Although the extrinsic pathway (through the death receptors) and the intrinsic pathway (through the mitochondria) for apoptosis are capable of operating independently, accumulating evidence suggests that a cross-talk between the two pathways exists in cells. The link between death receptor signaling and the mitochondrial pathway comes from the finding that a BH3-domain-only subfamily protein, Bid, is cleaved by active caspase-8. The truncated Bid (tBid) translocates to mitochondria and triggers cyto c release. It has been proposed that tBid regulates cyto c release by inducing the homo-oligomerization of pro-apoptotic family members Bak or Bax. Cells lacking both Bax and Bak, but not cells lacking just one of these components, are completely resistant to tBid-induced cyto c release and apoptosis (Deng, 2002).

Bid appears to link the intrinsic pathway to the cell death receptor-mediated apoptosis. However, the precise mitochondrial events required for this cross-talk remain unclear. The mechanisms of TRAIL-induced apoptosis and the role of mitochondria in the cell death receptor pathway also need further investigation. Using human colon cancer cells defective in Bax function, it has been shown that mitochondrial events are required for TRAIL-induced apoptosis. The reason for this requirement is the presence of negative regulation of caspase cascade by XIAP. Activation of the mitochondrial pathway leads to the release of Smac/DIABLO, which removes XIAP blockage of caspase activation. These results further show that release of Smac/DIABLO, not cyto c, is the key event mediating the contribution of the mitochondrial pathway to the death receptor-mediated apoptosis (Deng, 2002).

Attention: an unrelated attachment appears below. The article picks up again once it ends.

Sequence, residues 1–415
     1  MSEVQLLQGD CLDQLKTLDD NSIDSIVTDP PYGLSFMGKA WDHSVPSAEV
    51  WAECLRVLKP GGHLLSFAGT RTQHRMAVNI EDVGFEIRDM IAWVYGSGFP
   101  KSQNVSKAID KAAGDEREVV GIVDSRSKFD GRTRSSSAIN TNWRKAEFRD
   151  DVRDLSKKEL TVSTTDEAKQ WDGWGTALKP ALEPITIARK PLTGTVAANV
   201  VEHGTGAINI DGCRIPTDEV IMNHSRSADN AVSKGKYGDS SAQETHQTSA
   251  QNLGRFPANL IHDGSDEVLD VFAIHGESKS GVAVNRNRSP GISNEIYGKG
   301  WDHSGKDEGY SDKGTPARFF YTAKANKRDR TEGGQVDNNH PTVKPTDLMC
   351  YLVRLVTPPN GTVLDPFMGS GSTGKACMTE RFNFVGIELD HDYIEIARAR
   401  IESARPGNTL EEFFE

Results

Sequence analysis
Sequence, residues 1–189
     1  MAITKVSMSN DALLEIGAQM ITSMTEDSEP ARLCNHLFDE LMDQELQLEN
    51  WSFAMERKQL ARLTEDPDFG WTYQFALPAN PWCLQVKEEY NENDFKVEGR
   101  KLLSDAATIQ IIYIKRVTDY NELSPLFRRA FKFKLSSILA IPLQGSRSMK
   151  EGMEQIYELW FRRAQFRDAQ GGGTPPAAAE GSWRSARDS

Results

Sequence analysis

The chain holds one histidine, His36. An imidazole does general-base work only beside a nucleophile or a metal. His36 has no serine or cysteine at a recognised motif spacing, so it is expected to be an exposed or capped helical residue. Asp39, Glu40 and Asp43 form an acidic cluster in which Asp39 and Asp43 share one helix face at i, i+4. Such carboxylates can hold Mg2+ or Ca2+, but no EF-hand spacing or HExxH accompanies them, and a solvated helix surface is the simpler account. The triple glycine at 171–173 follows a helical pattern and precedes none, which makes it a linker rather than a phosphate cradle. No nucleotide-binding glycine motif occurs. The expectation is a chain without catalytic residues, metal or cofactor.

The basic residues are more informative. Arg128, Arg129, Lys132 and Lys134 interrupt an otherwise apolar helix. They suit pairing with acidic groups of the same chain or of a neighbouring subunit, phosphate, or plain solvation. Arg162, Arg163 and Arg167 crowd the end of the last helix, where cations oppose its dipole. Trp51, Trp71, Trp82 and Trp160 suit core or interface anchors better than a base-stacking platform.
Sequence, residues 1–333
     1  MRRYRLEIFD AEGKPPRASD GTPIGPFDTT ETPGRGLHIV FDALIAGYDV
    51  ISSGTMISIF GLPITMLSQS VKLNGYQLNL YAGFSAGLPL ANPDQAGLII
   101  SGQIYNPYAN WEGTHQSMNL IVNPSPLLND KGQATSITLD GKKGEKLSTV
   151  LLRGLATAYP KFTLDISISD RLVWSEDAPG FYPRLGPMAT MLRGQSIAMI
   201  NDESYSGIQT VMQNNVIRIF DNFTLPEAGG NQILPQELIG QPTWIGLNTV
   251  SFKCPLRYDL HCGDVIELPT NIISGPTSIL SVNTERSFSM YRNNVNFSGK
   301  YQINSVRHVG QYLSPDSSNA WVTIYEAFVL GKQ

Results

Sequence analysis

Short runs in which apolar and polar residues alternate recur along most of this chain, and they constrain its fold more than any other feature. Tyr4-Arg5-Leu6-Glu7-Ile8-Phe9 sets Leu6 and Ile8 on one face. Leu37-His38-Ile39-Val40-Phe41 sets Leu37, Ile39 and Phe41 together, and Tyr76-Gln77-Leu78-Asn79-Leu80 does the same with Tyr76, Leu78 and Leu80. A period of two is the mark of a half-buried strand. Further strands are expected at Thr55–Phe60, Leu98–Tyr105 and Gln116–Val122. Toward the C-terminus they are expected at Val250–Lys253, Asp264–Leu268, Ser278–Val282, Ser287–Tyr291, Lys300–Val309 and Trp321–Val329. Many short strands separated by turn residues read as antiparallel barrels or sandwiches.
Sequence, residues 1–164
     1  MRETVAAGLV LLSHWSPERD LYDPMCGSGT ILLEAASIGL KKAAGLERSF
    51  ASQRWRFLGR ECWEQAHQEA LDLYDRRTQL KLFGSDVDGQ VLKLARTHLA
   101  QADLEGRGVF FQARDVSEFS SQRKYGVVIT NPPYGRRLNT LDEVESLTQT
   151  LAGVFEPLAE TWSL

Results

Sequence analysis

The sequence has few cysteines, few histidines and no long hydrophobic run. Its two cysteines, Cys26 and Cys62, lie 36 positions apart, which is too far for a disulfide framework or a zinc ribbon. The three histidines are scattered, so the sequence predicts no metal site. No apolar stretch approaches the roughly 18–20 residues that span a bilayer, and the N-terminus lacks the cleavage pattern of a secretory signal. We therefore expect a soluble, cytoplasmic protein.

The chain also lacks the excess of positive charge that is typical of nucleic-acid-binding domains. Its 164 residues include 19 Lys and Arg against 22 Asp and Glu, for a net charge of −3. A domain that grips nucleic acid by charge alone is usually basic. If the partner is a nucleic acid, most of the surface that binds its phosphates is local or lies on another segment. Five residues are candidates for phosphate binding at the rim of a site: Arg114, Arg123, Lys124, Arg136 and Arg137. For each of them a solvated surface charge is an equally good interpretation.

Functions of Inhibitors of apoptosis proteins and their interaction the Reaper type proteins

The baculovirus protein p35 inhibits programmed cell death in such diverse animals as insects, nematodes and mammals. p35 protein is a substrate for and inhibitor of the C. elegans cell-death protease CED-3 and a substrate for four CED-3-like vertebrate cysteine protease activities implicated in apoptosis in mammals. A p35 mutation, that greatly reduces p35 activity in vitro as a CED-3 substrate and inhibitor, abolishes p35 activity in vivo in protecting against cell death in C. elegans. Introduction of the CED-3 cleavage site in p35 into the cowpox virus protein crmA, (which inhibits mammalian apoptosis but not programmed cell death in C. elegans), causes crmA to block CED-3-mediated cell death. These observations suggest that p35 may prevent programmed cell death in C. elegans and other species by acting as a competitive inhibitor of cysteine proteases (Xue, 1995).